Original post by Ro_Akira
Q6. Given the answer to Q5 is yes, are more recent compilers actually using RVO with Foo::Sum, and indeed more complex derivatives?

Yes, many modern compilers do take advantage of NRVO. One other optimization you should be aware of is that:

Foo new_object = some_foo( 1, 2 );

will be able to optimize out the copy construction from the return value to the newly created object (note: the object is being constructed, not assigned to). In turn, constructing an object based off of the return value of a function which can take advantage of the return value optimization can potentially result in code which produces absolutely no copy-constructions and assignments for the object. It can be constructed in-place.

E:f;b

Edit:

Quote:
Original post by Deyja
There are a few conditions that must hold, of course. The object can't be used between its creation and its return, and its creation can't have side-effects that change the meaning of the code between the creation and the return. The compiler has to know for certain it will have no effect on the meaning of the program before it will optimize it, and it probably doesn't try all that hard before it decides not to do RVO.

Actually, the object can be used and modified inside of the function. That should not have any effect on whether or not the NRVO can be performed (which is one of the reasons that it is so powerful).

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Thanks you all for your replies.

Original post by Fruny
It would cause problems if they changed depending on your optimisation setting.

Original post by Polymorphic OOP
Otherwise, you may get different results (bugs) between debug mode and release mode, particularly if the copy-constructor is not implemented properly.

Agreed.

Interestingly, if the copy constructor does something such as output something to the screen, it will get swallowed up by RVO. I can't forsee a case where that would be a problem in practice though. One's copy constructor generally sticks to the task of 'copy constructing' and no more.

Quote:
Original post by Polymorphic OOP
Foo::Sum has a named object, Foo::SumRVO has an unnamed object (I assume you typod and accidentally wrote Foo:Sum twice).

You assumed correctly sir!

I believe I have a good understanding of RVO now.

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I spoke too soon. I still have this to understand:

class Foo
{
public:

Foo (int a, int b) : value (a + b)
{
}

Foo (const Foo& foo) : value (foo.value)
{
}

const Foo operator+ (const Foo& foo)
{
return Foo (value, foo.value);
}
};

int main ()
{
Foo f0, f1;

// The result of f0 + f1 is a const Foo?
Foo f2 (f0 + f1);

// Acts like this, because of RVO. The const nature of the
// return value of operator+ is ignored.
// Foo f2 (f0.value, f1.value);

return 0;
}


Is this making a small mockery of const? If it was executed the non-RVO way, I can understand, because it's making a copy in the copy constructor, from the const Foo returned by operator+. I guess it does not affect most programs in practice.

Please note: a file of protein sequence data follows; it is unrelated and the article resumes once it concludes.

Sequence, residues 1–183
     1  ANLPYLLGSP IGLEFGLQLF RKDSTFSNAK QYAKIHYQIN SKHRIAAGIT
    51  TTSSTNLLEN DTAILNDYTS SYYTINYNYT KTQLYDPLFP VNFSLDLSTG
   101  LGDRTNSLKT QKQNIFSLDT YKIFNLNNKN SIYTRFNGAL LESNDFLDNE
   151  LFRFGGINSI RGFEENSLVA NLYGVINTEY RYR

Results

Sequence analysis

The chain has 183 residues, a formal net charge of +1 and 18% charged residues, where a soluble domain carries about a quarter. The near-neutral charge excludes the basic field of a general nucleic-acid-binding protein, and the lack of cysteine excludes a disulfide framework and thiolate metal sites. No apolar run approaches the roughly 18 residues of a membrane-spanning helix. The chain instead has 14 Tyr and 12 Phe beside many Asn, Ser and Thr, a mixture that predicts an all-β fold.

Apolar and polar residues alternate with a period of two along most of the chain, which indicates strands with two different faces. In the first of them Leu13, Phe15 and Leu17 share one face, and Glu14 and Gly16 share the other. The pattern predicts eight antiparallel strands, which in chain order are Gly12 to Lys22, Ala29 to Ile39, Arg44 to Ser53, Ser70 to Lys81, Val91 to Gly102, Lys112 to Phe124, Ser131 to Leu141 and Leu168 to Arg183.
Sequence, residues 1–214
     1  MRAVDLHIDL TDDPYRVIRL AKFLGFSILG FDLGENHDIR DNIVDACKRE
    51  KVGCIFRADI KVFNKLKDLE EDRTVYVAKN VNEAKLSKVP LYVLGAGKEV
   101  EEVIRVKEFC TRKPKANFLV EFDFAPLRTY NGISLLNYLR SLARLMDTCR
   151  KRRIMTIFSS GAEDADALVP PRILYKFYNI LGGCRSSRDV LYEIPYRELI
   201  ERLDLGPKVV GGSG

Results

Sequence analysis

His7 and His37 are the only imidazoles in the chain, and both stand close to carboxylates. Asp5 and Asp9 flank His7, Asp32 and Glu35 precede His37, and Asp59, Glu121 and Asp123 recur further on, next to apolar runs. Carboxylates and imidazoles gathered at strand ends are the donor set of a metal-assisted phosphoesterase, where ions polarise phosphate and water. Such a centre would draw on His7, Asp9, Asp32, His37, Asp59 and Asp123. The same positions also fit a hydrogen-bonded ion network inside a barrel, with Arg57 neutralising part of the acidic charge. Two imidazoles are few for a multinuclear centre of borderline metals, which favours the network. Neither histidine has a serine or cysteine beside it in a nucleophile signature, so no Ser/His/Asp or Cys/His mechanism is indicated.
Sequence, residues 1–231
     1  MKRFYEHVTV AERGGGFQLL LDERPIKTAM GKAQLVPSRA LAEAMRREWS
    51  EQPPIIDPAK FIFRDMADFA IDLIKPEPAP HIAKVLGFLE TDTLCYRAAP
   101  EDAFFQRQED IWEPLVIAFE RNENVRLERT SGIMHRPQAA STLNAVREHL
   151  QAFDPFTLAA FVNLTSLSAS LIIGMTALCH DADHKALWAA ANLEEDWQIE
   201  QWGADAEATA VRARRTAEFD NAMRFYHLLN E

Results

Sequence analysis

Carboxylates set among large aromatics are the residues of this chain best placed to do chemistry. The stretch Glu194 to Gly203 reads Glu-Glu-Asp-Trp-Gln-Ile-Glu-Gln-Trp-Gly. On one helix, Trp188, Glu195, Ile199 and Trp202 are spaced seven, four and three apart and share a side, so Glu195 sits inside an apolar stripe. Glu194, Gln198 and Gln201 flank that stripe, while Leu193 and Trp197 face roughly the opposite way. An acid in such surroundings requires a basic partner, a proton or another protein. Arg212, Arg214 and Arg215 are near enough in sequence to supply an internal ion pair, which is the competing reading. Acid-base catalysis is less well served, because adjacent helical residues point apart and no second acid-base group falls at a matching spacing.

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Quote:
Original post by Ro_Akira

int main ()
{
Foo f0, f1;

// The result of f0 + f1 is a const Foo?
Foo f2 (f0 + f1);

// Acts like this, because of RVO. The const nature of the
// return value of operator+ is ignored.
// Foo f2 (f0.value, f1.value);

return 0;
}

Is this making a small mockery of const? If it was executed the non-RVO way, I can understand, because it's making a copy in the copy constructor, from the const Foo returned by operator+. I guess it does not affect most programs in practice.

It's not really making a mockery of const, it's kind of like having a non-const object that is being referenced by both a reference to the type and a reference to the const-qualified type. In that case, both references can refer to the same object without logical error and in each of their contexts, the object can be worked with under different limitations.

The same type of logic is true here. You know that when the copy constructor is implemented properly, whether a copy takes place or the object is constructed in place is an implementation detail. As well, you know that you can reference a non-const object validly in both a const and non-const manner, so while the return type may be const and the returned value is not (or the similar situation with an object being initialized), the same object can be used without any logical problems. It just means that when using the object as the return value it may be refered to with const-qualification, whereas inside the function it may not be.

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Quote:
Original post by Polymorphic OOP
...you know that you can reference a non-const object validly in both a const and non-const manner, so while the return type may be const and the returned value is not (or the similar situation with an object being initialized), the same object can be used without any logical problems. It just means that when using the object as the return value it may be refered to with const-qualification, whereas inside the function it may not be.


I understand completely! Cheers!